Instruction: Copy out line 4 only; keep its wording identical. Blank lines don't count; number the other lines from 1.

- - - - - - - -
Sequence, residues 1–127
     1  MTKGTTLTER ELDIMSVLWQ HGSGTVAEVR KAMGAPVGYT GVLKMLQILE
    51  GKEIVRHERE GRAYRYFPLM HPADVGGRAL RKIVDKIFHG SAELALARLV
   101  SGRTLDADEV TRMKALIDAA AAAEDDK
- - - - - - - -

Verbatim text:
   101  SGRTLDADEV TRMKALIDAA AAAEDDK